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by Thomas M. Sipos, managing editor [July 19, 2016]
[HollywoodInvestigator.com] Day 1's description -- a story set "in a near post-apocalyptic future" -- raises our expectations for yet another zombie infestation. The opening scene shows a middle-aged man, Kevin (Walt Sloan), tending a campfire in the woods. He ruminates over "how It all began." The cutting of the last tree in the Amazon? The extinction of the bees? Nobody knows for sure.
Naturally, horror fans will assume that It is a zombie apocalypse. Yet the zombies never show. There is a disease about. Its victims look normal, yet must be avoided, even killed, if humanity is to survive. What is the nature of this disease? Does it compel infected people to kill? Murders are up. But again, we don't know for sure.
Kevin treks through the woods. He must keep moving. He meets an infected woman who begs to be killed. And an infected man who begs to share Kevin's fire. Another of the infected who sits in chains so he can't harm others. Soldiers at an army outpost remind Kevin that he must keep walking along the path. Why must he keep moving? We never find out.
Day 1 is writer/director Jose Carlos Gomez's second post-apocalyptic feature. Although Bled White (2009) had zombies, whereas they're MIA in Day 1, Gomez's two films are so similar in their bleak emotional tone and desaturated photography, the two films appear set in the same universe, concerning the same event. If you've seen Bled White, your imagination will supply the zombies for Day 1. We don't know that there aren't zombies out there in the woods.
"Day 1 is not necessarily a continuation of what we did with Bled White," said Gomez, "but perhaps it's a story told alongside of the events that occurred in my zombie film. Day 1 [began] as a simple idea of a person who needed to walk to live. I built the story around that idea. Why did he need to walk to live? Who was maintaining this imposed social order? Day 1 is based on the idea of doubt.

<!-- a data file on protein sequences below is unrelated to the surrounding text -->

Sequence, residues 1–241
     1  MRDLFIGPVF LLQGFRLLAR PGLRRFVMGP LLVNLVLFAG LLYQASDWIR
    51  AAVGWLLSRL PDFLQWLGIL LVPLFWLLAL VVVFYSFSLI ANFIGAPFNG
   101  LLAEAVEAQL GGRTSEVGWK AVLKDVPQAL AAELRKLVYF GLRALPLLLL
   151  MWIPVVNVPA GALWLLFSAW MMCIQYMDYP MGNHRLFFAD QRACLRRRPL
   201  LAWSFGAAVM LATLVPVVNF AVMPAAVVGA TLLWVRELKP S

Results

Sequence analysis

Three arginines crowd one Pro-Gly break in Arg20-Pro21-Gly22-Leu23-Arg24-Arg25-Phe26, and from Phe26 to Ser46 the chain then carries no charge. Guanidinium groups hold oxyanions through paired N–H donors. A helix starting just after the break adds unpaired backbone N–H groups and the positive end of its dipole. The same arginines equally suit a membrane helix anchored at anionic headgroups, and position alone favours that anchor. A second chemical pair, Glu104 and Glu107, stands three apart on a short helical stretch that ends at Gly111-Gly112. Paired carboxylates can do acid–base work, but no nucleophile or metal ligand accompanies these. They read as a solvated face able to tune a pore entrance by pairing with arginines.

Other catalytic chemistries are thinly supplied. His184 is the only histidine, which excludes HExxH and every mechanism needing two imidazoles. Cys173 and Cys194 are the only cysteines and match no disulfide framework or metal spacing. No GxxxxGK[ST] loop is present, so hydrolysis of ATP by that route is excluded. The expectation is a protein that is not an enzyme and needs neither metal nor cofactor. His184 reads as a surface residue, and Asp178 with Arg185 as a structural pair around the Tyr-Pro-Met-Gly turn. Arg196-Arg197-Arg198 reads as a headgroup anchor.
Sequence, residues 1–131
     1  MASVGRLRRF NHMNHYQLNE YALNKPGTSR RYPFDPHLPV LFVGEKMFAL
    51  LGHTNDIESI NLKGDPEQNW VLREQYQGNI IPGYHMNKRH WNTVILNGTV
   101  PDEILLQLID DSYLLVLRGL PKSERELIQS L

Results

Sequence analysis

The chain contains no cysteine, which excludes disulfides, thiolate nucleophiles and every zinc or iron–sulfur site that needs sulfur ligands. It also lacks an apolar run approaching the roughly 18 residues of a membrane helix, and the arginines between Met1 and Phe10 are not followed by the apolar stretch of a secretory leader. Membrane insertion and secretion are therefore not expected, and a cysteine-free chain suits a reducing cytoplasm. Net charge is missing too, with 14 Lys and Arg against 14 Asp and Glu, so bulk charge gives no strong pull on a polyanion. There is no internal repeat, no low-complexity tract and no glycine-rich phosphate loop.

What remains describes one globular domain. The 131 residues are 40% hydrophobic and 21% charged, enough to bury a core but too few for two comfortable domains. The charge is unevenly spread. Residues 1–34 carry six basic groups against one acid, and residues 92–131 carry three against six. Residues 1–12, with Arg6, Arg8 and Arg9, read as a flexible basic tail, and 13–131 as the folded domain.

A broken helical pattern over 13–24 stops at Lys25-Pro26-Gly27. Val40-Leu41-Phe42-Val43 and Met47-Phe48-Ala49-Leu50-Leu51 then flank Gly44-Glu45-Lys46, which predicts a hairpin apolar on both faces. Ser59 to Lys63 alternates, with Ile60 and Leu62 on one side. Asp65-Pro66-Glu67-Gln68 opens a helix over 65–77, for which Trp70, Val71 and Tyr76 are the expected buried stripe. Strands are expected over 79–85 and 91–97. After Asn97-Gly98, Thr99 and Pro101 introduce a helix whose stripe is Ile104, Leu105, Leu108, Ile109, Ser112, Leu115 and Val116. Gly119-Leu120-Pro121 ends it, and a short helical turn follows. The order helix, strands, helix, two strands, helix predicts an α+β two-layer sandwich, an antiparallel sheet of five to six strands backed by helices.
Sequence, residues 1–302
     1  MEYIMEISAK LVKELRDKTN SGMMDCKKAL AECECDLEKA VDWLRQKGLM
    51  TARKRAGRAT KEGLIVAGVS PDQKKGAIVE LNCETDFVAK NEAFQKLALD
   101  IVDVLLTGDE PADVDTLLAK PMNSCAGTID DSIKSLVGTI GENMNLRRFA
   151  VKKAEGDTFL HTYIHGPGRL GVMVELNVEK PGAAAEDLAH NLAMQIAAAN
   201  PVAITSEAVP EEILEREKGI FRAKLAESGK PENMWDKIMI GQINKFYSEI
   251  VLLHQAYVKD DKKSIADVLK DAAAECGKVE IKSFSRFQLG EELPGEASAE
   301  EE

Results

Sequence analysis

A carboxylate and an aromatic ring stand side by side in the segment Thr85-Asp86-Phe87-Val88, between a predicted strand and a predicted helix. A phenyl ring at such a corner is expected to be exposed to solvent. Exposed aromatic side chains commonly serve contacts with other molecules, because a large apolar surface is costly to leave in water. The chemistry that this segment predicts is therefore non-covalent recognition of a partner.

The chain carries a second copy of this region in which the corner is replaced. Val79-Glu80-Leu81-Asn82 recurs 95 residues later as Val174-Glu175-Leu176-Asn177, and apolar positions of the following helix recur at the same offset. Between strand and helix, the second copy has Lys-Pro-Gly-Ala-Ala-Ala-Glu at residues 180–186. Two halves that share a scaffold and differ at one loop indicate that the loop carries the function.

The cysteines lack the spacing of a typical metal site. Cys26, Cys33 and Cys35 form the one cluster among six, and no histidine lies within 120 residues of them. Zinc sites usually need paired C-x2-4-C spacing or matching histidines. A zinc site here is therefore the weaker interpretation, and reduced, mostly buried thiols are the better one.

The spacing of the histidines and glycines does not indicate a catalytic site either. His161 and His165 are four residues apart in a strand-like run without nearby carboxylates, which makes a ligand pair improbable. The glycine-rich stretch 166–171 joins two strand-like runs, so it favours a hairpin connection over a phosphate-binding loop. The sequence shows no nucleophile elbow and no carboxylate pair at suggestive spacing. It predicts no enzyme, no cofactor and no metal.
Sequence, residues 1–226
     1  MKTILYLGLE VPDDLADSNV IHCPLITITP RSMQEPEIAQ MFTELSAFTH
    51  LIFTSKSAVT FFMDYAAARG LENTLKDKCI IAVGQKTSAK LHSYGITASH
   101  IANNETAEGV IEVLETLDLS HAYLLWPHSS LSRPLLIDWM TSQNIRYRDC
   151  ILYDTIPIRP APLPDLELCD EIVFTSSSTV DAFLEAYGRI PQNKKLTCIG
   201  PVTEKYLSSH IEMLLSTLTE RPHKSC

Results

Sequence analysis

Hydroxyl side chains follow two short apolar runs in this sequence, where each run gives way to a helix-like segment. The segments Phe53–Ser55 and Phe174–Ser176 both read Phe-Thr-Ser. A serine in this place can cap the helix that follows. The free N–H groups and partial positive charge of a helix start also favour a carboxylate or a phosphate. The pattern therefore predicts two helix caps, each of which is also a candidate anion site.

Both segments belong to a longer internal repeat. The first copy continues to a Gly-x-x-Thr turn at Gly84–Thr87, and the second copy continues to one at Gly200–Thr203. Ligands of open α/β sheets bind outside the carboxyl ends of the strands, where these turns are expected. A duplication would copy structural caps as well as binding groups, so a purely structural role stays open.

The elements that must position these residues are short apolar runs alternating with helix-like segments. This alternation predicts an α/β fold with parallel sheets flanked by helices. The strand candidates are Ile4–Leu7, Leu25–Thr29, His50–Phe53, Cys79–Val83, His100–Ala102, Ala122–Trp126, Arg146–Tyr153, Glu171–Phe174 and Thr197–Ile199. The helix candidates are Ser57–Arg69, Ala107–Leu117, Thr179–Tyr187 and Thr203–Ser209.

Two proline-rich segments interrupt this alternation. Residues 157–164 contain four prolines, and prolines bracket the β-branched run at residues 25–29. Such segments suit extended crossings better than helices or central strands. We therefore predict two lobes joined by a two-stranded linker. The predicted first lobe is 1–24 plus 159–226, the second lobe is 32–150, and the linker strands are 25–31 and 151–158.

"With Bled White we knew who the bad guys were. The undead were a known entity. Day 1 has no known entity. We don’t know who the bad guys are. Is a disease turning people into violent killers or is it just human nature? Humanity doesn't know what's real. Our characters doubt the things they're told. Even their memories shed no light as to the truth. Answers, though provided in the movie, are never openly stated. We, the audience, experience this post-apocalyptic world with the same eyes as our protagonist.
"That was my interest. To tell a story where reality is solely based on memory, doubt, and point of view. The post-apocalyptic world is just a place to set these conditions in which our characters can experience the journey."
As with Bled White, Day 1 emphasizes desaturated colors. Bright, primary colors are used mainly for flashback memories, although images do brighten at happy, hopeful moments. And the past is not all bright and pretty. Ugly events are drenched in harsh, reddish-orange hues. Throughout the film, colors reinforce each scene's emotional intent.
Kevin wanders a bleak present (above) amid the desaturated hues that dominate Day 1.
The desaturated present sets a stark contrast to Kevin's happy memories with his daughter (two above images), saturated in rich, primary colors.